100%[===============================================================================================================================>] 104,857,600  559K/s   in 2m 6s

2012-05-04 16:19:07 (813 KB/s) – `/dev/null’ saved [104857600/104857600]


Considering Cachefly is mainly an US/EU centric network, these results are fine. However, a quick trace reveals that we may have been hitting Hong Kong, in which case, these are a little weird.


[email protected]:~# traceroute -A
traceroute to (, 30 hops max, 60 byte packets
1 ( [AS24482]  0.019 ms  0.006 ms  0.006 ms
2 ( [AS24482]  3.641 ms  3.646 ms  3.635 ms
3 ( [AS24482]  6.332 ms  6.339 ms  6.491 ms
4 ( [AS2687/AS4862/AS9498/AS10026/AS1221]  43.486 ms  43.681 ms  43.656 ms
5 ( [AS9293/AS24077]  43.334 ms  43.341 ms  43.330 ms
6 ( [AS9293/AS24077]  43.305 ms  42.198 ms  42.196 ms
7 ( [AS9293/AS23352/AS30081]  42.449 ms  42.435 ms  42.244 ms



General routing:


I’ve covered routing in a more in-depth manner in the second page of this article. Noting that might be of interest for people finding out how well connected this thing is. I’ll include the standard ping results in this section for now.


Ping Test (With Google – Via both IPV4 and IPV6):



[email protected]:~# ping -c 3
PING ( 56(84) bytes of data.
64 bytes from ( icmp_req=1 ttl=54 time=156 ms
64 bytes from ( icmp_req=2 ttl=54 time=156 ms
64 bytes from ( icmp_req=3 ttl=54 time=156 ms

— ping statistics —
3 packets transmitted, 3 received, 0% packet loss, time 2002ms
rtt min/avg/max/mdev = 156.087/156.281/156.403/0.351 ms
[email protected]:~# ping6 -c 3
PING 56 data bytes
64 bytes from icmp_seq=1 ttl=54 time=961 ms
64 bytes from icmp_seq=2 ttl=54 time=156 ms
64 bytes from icmp_seq=3 ttl=54 time=156 ms

— ping statistics —
3 packets transmitted, 3 received, 0% packet loss, time 2000ms
rtt min/avg/max/mdev = 156.190/424.766/961.770/379.719 ms
[email protected]:~# ping6 -c 3
PING 56 data bytes
64 bytes from icmp_seq=1 ttl=54 time=156 ms
64 bytes from icmp_seq=2 ttl=54 time=156 ms
64 bytes from icmp_seq=3 ttl=54 time=156 ms

— ping statistics —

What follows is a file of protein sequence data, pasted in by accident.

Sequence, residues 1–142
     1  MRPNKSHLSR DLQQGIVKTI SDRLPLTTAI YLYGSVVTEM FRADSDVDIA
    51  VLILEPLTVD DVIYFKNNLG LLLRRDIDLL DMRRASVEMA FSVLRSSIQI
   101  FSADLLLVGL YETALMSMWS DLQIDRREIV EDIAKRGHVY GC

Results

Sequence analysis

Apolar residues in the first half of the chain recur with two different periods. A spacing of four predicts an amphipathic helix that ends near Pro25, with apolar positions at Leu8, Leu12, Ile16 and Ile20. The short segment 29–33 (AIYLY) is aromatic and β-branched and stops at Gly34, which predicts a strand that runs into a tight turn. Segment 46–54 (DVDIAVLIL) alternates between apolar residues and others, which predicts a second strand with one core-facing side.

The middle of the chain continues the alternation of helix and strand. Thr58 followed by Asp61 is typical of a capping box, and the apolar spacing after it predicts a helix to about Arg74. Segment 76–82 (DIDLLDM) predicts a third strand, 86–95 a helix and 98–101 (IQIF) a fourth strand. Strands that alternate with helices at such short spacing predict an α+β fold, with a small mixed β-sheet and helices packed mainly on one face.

3 packets transmitted, 3 received, 0% packet loss, time 2002ms
rtt min/avg/max/mdev = 156.393/156.513/156.596/0.086 ms
[email protected]:~# traceroute -A
traceroute to (2607:f8b0:400a:800::1012), 30 hops max, 80 byte packets
1  2405:4200:202::241 (2405:4200:202::241) [AS24482]  0.017 ms  0.005 ms  0.005 ms
2  2001:de8:d::1:5169:1 (2001:de8:d::1:5169:1) [*]  0.221 ms  0.272 ms  0.259 ms
3  2001:4860::1:0:337f (2001:4860::1:0:337f) [AS15169]  1.940 ms 2001:4860::1:0:1c5 (2001:4860::1:0:1c5) [AS15169]  0.563 ms 2001:4860::1:0:337f (2001:4860::1:0:337f) [                                                                                                       AS15169]  0.940 ms
4  2001:4860::1:0:26ff (2001:4860::1:0:26ff) [AS15169]  64.423 ms  64.394 ms 2001:4860::1:0:26fc (2001:4860::1:0:26fc) [AS15169]  63.722 ms
5  2001:4860::1:0:a9d (2001:4860::1:0:a9d) [AS15169]  153.716 ms  153.711 ms 2001:4860::1:0:77d (2001:4860::1:0:77d) [AS15169]  152.996 ms
6  2001:4860::8:0:2bb7 (2001:4860::8:0:2bb7) [AS15169]  153.355 ms 2001:4860::8:0:2bb6 (2001:4860::8:0:2bb6) [AS15169]  153.745 ms  153.065 ms
7  2001:4860::8:0:252d (2001:4860::8:0:252d) [AS15169]  156.733 ms  156.620 ms 2001:4860::8:0:252c (2001:4860::8:0:252c) [AS15169]  156.603 ms
8  2001:4860::1:0:795 (2001:4860::1:0:795) [AS15169]  156.818 ms  157.097 ms  156.772 ms
9  2001:4860:0:1::44a (2001:4860:0:1::44a) [AS15169]  156.539 ms  157.058 ms  157.173 ms
10  2607:f8b0:8000:6::7 (2607:f8b0:8000:6::7) [AS15169/AS22577]  156.893 ms  156.562 ms  157.111 ms

[email protected]:~# traceroute -A
traceroute to (, 30 hops max, 60 byte packets
1 ( [AS24482]  0.019 ms  0.006 ms  0.006 ms
2 ( [AS4637]  0.196 ms  0.221 ms  0.249 ms
3 ( [AS15169]  0.206 ms  0.205 ms ( [AS15169]  0.653 ms
4 ( [AS15169]  35.035 ms ( [AS15169]  63.512 ms  63.376 ms
5 ( [AS15169]  72.658 ms ( [AS15169]  158.397 ms  158.398 ms
6 ( [AS15169]  159.202 ms ( [AS15169]  168.172 ms ( [AS15169]  159.212 ms
7 ( [AS15169]  156.788 ms *  156.856 ms
8 ( [AS15169]  163.149 ms  163.150 ms  165.067 ms
9 ( [AS15169]  157.021 ms ( [AS15169]  164.816 ms ( [AS15169]  157.150 ms
10 ( [AS15169]  165.128 ms  163.148 ms ( [AS15169]  156.376 ms


Rather unexpected results, but a quick trace shows that Google is taking us to Seattle (Sea-in, etc), US instead of the local Singaporean mirrors. Nothing much OAS can do about this, the decision relies on Google itself.


Disk I/O:

DD isn’t a valid measure of ‘I/O’ performance, but since it’s popular, might as well.


[email protected]:~# dd if=/dev/zero of=test bs=64k count=16k conv=fdatasync; rm test